Salaried workers and salary sacrifice schemes: changing the National Minimum Wage rules
Our response largely focuses on the part of the consultation looking at salary sacrifice, given the interactions that exist with a worker’s income tax and National Insurance contributions (NIC) position. Ideally, the NMW Regulations would be rethought to allow those on the minimum wage to participate in salary sacrifice arrangements, given that salary sacrifice can only be used to gain a tax/NIC advantage in a limited number of circumstances and that the ‘risks’ to the low-paid of using salary sacrifice are probably overstated.
We also think that they should be rethought to allow people to enter into benign arrangements like Christmas Clubs, where they are not true salary sacrifice schemes but are simply deductions from net pay.
In terms of other NMW rules that penalise employers without protecting workers from detriment, we tell BEIS that the main one that springs to mind is around staff uniforms. If a worker has to pay for an item of ‘everyday’ unbranded clothing to wear as part of a uniform, such as a pair of black trousers, black shoes or a white shirt, the cost incurred must be deducted from their pay to establish whether at least the minimum wage is being paid.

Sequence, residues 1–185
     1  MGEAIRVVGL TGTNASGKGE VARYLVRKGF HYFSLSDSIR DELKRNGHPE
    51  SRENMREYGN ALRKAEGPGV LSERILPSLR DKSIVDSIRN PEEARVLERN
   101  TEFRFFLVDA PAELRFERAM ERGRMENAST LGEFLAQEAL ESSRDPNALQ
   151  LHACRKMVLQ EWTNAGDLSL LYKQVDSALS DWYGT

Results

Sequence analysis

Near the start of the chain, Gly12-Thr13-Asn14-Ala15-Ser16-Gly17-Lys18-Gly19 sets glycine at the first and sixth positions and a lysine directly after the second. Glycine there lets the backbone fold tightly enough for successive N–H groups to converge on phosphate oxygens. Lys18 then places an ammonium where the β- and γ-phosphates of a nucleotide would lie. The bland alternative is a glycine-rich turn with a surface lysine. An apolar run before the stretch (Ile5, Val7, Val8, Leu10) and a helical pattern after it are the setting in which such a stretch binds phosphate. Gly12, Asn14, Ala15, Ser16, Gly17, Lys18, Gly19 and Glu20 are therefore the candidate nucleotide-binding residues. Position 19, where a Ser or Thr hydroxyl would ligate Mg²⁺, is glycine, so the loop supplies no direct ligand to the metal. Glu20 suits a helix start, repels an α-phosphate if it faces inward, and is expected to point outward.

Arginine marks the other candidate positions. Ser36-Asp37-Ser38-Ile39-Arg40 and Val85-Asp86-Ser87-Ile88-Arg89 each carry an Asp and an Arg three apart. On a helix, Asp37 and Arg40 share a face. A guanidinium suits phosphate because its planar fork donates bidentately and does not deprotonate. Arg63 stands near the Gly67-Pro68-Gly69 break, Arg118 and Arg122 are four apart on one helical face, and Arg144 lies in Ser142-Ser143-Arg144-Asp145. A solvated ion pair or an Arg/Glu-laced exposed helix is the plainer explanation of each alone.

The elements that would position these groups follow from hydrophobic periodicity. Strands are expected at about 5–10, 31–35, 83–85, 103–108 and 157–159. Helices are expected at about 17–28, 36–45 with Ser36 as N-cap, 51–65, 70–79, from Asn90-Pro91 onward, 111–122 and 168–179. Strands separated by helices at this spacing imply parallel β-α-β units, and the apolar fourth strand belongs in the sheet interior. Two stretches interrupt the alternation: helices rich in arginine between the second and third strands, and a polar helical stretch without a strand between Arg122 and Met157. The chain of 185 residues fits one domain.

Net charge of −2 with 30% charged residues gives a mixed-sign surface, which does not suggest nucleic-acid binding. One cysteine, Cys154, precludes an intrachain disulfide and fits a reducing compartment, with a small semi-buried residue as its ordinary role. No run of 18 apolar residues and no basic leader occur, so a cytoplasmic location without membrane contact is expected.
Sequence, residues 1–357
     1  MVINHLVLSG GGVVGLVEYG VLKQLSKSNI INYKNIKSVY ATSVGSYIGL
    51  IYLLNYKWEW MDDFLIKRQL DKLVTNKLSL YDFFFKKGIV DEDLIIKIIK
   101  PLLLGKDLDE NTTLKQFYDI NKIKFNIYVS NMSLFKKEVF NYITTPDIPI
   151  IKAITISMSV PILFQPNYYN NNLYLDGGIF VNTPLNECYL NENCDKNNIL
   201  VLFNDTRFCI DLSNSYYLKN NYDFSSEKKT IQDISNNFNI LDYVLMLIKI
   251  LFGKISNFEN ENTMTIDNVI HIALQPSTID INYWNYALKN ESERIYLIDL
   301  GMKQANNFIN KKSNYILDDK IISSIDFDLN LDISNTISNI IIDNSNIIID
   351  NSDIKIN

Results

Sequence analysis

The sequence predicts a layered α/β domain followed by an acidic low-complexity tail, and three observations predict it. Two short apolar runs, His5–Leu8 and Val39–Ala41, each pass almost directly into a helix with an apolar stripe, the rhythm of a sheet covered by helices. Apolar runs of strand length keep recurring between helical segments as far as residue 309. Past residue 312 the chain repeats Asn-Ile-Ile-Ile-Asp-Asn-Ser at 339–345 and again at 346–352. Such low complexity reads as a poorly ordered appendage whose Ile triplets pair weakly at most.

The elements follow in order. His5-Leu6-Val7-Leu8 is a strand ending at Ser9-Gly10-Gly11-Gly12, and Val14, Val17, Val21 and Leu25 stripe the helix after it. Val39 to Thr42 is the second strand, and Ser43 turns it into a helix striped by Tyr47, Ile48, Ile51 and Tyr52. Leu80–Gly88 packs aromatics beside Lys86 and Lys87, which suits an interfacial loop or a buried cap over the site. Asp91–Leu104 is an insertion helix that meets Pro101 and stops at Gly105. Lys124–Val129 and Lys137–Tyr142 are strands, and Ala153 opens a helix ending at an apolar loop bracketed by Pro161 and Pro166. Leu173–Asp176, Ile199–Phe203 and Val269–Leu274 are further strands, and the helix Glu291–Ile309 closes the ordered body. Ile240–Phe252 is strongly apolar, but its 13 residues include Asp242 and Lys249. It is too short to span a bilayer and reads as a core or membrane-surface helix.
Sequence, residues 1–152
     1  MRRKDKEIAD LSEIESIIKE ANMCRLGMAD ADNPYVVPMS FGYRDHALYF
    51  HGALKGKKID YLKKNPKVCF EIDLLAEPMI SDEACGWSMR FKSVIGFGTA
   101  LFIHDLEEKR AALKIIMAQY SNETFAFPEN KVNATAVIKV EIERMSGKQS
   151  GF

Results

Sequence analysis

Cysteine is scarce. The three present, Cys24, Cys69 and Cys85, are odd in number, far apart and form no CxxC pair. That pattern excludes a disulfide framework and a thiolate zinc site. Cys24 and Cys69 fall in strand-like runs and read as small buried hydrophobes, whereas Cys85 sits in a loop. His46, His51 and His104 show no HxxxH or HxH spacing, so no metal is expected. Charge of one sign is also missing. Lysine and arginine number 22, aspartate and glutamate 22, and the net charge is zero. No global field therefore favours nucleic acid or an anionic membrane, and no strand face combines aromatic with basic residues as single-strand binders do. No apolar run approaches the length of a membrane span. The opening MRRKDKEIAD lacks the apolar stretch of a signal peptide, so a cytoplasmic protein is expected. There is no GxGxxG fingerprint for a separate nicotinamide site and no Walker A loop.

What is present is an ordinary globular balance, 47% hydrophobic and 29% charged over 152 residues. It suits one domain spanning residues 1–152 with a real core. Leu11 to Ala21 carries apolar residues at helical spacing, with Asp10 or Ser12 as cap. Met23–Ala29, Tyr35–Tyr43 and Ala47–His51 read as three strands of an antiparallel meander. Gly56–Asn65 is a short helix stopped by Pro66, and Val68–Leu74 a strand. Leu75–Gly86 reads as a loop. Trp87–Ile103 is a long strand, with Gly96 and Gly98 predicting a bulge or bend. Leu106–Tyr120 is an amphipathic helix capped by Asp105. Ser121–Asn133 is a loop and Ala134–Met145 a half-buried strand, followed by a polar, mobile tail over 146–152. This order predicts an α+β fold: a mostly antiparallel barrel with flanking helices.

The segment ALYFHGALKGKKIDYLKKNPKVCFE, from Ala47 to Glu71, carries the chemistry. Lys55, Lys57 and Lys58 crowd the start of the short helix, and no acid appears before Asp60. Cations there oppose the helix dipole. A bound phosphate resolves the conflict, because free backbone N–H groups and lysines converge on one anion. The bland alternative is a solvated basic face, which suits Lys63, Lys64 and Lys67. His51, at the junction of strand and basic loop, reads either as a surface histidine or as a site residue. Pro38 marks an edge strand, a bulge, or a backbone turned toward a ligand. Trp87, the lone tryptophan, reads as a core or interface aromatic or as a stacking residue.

We say it is probably counter-intuitive to employers that they need to essentially reimburse staff for such standard attire, which may well be worn outside the workplace and which the worker may have bought anyway for their own benefit.
We wonder whether, to make the situation a bit more balanced for both the employer and employee, the NMW position should be brought closer to the tax law approach (so that items of clothing could be recognized for minimum wage purposes, if they are branded or if the requirements to buy non-branded items are specific and excessive).
You can find our full response here: Salaried workers and salary sacrifice schemes: changing the National Minimum Wage rules – LITRG response